The power of gratitude is amazing, once realized and put into practice. One can change a negative, depressed, or angry outlook on life just with some simple thoughts of thanksgiving to our LORD. Life can go from a pit of misery to a paradise of happiness with grateful and thankful thoughts and words to God. One can begin in the depths of despair and then ascend to the high places of praise, by simply stopping everything and starting to think on the goodness and the blessings of God and to begin to give Him Thanks.
There is an old hymn that says, “Count your blessings, name them one by one. Count your blessings, see what God has done. Count your blessings, name them one by one. Count your many blessings, see what God has done.” This is not a bad place to start the process, by just thanking God for all of the blessings in our life. Even if we have to start at the bottom and work our way upward, this is a good thing. We can actually build a mental ladder by starting right where we are at this moment, and working our way up in Praise to God.
Let us begin by thanking Him for our natural blessings. We all have many natural things for which to give thanks, like air to breath, water to drink, food to eat, shelter, a bed, clothes and shoes. No matter what our health condition is, if we are still breathing, we have something for which to be thankful. It’s like climbing a set of stairs. Now let's advance upward and thank Him for family and friends, for our mate, for a church full of people who love us. With every word of praise and every word of thanks to God we climb higher and higher. Keep thinking of all of the blessings that God has granted to us.
Now let’s advance to giving thanks for spiritual things. Thank You, Jesus, for a desire to know You. Thanks for saving my soul from hell. Thanks for forgiving me of my sins. Thanks for filling me with the Holy Ghost. Thanks for a Bible. Thanks for all the prophets, apostles and martyrs who have gone before me. Now as we progress upward, let’s focus on Jesus and start thanking Him just for Him. Think about His Name and thank Him for His Goodness and Grace and Mercy. Once we hit this level, then the sky is the limit as we begin to think upon God’s Name and all of His favor that He bestows upon us. You can pray: "Dear Jesus, You are so fair, so just, so holy, so pure, so merciful, so gracious, so full of unconditional love, so forgiving, so longsuffering." And as you do this, you are really climbing the staircase of praise and gratitude that will lead to happiness and peace of mind.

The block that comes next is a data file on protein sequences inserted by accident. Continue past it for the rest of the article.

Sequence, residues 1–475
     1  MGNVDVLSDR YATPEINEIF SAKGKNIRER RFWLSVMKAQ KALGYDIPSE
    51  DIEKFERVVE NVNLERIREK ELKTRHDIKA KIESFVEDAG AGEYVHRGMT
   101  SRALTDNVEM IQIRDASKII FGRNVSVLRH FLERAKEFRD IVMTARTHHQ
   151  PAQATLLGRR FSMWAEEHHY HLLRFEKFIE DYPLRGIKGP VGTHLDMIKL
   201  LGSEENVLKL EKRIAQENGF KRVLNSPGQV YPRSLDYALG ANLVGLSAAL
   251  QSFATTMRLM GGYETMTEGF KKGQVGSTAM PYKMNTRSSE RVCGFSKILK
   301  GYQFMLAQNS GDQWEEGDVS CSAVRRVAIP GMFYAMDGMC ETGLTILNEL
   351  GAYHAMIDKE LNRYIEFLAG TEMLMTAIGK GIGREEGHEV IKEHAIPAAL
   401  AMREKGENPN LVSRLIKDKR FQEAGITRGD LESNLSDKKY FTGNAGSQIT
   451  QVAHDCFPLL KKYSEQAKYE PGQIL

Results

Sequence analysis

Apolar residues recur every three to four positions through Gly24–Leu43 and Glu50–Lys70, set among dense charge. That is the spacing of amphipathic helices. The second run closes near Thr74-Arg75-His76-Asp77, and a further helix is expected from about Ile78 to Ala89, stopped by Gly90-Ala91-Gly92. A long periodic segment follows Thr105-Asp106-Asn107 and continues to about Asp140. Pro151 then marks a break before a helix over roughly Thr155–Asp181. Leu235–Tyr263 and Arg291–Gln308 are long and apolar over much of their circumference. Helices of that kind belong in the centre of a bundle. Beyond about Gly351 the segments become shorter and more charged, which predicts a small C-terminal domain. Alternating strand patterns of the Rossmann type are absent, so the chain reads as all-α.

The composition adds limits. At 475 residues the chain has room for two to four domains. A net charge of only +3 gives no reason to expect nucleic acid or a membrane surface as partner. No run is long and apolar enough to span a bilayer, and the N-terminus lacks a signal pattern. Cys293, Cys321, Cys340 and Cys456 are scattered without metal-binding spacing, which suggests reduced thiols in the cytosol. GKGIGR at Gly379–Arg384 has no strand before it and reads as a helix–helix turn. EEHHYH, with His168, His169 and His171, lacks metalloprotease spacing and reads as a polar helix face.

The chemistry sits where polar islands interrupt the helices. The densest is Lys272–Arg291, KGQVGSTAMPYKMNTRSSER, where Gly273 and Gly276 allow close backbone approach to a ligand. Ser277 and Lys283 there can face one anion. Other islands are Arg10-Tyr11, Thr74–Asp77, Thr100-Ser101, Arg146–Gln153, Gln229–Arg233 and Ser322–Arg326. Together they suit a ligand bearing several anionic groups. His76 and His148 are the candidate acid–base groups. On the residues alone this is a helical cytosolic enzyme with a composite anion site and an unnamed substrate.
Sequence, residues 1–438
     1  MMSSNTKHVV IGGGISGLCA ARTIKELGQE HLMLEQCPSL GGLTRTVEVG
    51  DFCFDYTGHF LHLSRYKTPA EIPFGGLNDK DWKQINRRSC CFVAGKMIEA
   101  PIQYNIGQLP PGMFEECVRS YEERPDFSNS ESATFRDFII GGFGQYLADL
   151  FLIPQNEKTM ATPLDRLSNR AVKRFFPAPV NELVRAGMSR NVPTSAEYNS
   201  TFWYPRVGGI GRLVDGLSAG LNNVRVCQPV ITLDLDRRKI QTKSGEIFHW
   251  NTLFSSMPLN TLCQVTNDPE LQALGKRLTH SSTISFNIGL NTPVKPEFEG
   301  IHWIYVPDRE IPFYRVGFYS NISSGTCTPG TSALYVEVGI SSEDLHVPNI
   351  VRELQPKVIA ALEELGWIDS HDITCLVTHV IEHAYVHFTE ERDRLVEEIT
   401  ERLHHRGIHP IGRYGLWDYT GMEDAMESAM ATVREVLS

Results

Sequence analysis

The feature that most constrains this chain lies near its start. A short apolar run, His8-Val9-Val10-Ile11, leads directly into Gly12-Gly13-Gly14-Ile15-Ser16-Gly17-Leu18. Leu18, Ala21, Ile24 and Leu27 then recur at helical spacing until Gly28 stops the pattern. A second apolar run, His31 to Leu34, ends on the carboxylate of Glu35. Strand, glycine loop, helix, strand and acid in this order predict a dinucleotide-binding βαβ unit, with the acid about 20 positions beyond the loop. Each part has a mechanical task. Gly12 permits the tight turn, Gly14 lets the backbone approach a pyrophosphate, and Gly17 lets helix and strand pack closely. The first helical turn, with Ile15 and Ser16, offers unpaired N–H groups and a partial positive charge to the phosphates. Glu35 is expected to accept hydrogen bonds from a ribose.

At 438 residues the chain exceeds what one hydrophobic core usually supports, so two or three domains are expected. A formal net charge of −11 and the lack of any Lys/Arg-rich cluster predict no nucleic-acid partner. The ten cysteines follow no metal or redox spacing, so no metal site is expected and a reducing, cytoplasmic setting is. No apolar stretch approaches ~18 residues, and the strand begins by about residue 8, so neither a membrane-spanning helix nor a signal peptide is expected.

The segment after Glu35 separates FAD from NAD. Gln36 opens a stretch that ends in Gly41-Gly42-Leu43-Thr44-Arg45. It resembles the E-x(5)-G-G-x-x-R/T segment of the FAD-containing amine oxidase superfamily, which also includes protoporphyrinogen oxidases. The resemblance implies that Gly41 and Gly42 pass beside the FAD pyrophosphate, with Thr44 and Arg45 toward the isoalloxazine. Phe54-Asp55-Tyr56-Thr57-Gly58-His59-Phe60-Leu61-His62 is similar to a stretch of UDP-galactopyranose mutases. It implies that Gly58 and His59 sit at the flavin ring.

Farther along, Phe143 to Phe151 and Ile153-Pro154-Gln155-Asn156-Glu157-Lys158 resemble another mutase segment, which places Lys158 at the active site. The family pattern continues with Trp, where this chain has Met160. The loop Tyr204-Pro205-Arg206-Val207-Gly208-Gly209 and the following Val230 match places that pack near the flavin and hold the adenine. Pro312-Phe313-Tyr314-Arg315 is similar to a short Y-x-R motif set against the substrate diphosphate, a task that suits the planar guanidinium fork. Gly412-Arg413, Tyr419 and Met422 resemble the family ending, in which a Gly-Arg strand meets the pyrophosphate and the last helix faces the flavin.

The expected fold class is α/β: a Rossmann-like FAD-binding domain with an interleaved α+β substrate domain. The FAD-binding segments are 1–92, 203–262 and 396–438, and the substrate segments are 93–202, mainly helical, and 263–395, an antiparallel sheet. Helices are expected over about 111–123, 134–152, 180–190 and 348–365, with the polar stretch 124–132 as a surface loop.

Praise Him for your natural blessings; then praise Him for your spiritual blessings. Then praise Jesus for just being Jesus. Now you are ready for the hard part, and that is to praise Him for the pain and the sufferings of life. Don’t stop with just the natural blessings or the spiritual blessings because it is praising Him for the pain that is so liberating and transforming for the soul.
Once a believer understands the purpose behind God allowing us to suffer pain and we hold fast to our beliefs that God loves us unconditionally and that God is a sovereign Lord and Master of our lives, then we actually can begin to give God thanks for the pain, the sufferings and the sorrows of our life. The Bible says that we should give thanks in everything (I Thess 5:18) and for all things (Eph 5:20).